Number games for the young
9 September 2013
The purpose of the 'Hands-on Mathematics' ('mathematik begreifen') exhibition is to help school students better understand the world of numbers. Through play, youngsters are encouraged to discover the Pythagorean theorem, plan routes crossing all of Germany, and experience the wonder of the brachistochrone curve, the special effects of which are here demonstrated in the form of ball rolling tracks. Dr. Ekkehard Kroll of the Institute of Mathematics at Johannes Gutenberg University Mainz is in charge of the exhibits, which need a new home.
- Zu Bild 'Mathematics at the map of Germany: The challenge is to connect the marked cities using the shortest possible route. (photo: Peter Pulkowski)'
- Zu Bild 'The cord is only long enough for the correct solution, which has to pass the cities of Hamburg, Bremen, Mainz, Chemnitz, and many other cities before returning to Kiel. (photo: Peter Pulkowski)'
- Zu Bild 'Exhibition catalog (photo: Peter Pulkowski)'
- Zu Bild 'The wagon with incongruous square tires can nevertheless run smoothly on some surfaces. (© Pädagogisches Landesinstitut Rheinland-Pfalz)'
"There really is not all that much to see," says Dr. Ekkehard Kroll as he opens the wide red door. The mathematician wants to keep expectations low.
We are now in a basement room with a high ceiling where cables are being laid and cabinets installed. In the coming semester, school children will be invited to perform experiments here. This event is being offered by the Institute of Physics as part of the junior campus mainz (JCM) program designed to help bridge the gap between school and university.
However, this is not today's focus. Kroll goes directly to a large number of boxes and crates that stand like an island in the middle of the room. Stored in these are the 'mathematik begreifen' collection, i.e., around 70 exhibits that have already been used to help young people better understand mathematics.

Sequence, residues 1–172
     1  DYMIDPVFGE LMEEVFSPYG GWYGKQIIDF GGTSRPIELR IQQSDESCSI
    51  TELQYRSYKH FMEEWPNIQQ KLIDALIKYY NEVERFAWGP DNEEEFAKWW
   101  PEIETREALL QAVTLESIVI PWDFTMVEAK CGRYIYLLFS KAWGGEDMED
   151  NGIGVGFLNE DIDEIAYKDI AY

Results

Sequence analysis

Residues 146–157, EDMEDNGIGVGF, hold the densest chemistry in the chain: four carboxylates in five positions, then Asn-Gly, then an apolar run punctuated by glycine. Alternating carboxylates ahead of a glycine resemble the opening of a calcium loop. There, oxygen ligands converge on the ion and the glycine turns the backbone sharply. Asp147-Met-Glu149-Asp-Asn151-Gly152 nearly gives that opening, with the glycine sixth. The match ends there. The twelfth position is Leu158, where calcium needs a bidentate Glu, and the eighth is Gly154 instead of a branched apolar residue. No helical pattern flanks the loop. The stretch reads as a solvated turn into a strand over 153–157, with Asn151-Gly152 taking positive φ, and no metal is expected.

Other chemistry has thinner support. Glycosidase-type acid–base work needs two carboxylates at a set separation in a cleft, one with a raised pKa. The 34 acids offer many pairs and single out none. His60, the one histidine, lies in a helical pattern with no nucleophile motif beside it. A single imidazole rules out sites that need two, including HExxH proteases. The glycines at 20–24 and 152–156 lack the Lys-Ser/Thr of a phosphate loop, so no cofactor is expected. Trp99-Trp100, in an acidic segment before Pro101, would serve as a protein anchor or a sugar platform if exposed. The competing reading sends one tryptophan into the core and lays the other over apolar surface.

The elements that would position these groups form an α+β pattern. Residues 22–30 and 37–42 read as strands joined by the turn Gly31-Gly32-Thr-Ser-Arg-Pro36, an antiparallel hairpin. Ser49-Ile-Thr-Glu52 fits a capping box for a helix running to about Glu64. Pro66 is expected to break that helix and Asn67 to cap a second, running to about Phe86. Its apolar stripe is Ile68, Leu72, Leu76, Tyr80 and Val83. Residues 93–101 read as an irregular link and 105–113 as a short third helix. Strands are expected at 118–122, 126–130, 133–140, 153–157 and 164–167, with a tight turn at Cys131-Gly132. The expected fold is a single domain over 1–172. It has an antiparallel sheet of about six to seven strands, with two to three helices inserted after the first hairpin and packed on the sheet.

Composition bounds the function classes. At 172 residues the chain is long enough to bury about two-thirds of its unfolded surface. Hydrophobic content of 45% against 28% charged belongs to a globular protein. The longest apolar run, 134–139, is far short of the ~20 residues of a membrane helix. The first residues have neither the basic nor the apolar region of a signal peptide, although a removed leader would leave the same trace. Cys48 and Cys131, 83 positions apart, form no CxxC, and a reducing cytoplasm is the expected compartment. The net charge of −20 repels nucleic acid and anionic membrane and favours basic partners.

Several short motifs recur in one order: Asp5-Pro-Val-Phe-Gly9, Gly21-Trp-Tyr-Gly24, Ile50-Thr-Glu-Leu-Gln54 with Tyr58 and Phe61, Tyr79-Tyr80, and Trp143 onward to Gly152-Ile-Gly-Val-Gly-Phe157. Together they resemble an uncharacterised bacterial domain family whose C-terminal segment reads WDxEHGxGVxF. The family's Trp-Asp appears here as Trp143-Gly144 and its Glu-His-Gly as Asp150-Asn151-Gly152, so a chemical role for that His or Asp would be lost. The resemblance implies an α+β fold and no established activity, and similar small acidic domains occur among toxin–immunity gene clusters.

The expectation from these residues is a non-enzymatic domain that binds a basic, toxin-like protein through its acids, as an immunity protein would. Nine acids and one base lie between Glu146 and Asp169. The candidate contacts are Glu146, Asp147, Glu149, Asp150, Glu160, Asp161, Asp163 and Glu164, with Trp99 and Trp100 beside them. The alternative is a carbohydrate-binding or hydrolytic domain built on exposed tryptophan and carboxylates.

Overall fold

Mathematics in a box
"Everything is packed up," explains Kroll, as he selects one of the exhibits. It is around two meters tall. The mathematician removes some brown tape and flips back a gray cover to reveal a map of Germany.
Pins mark about 20 cities all over Germany. Way up north, there is a string that is attached to Kiel. The challenge is to connect the marked cities using the shortest possible route. The cord is only long enough for the correct solution, which has to pass the cities of Hamburg, Bremen, Mainz, Chemnitz, and many other cities before returning to Kiel. If the cord is not placed along the optimal route around the pins, then it will be too short and won't reach as far as Kiel. Kroll tries it himself. He comes up a few centimeters short. "I must have made a mistake somewhere." He bends over the eastern part of Germany. "Somewhere around here."
The map makes math into a game, which is the entire point of the exhibition concept. "We need more young people to be interested in subjects such as mathematics, physics, and chemistry," says Kroll. "This applies to both boys and girls. We can only get them interested in mathematics once they see its practical uses. Mathematics has much that is playful, tangible. More theoretical aspects should come at a later stage. But schools often ignore the practical uses of math and tend to concentrate more on the theory."
2004 in the Natural History Museum
The game with the cord is known to mathematicians as the 'Traveling Salesman Problem'. At first glance, it may seem easy enough to plot the shortest route between a couple of cities and thus save the traveling salesman time and money. However, with just four cities, there are 24 potential routes; once you have ten cities, there are something like 3.6 million different options! "When we increase the number of cities, the amount of time we need to calculate the potential routes becomes enormous." But here, it's the game that counts.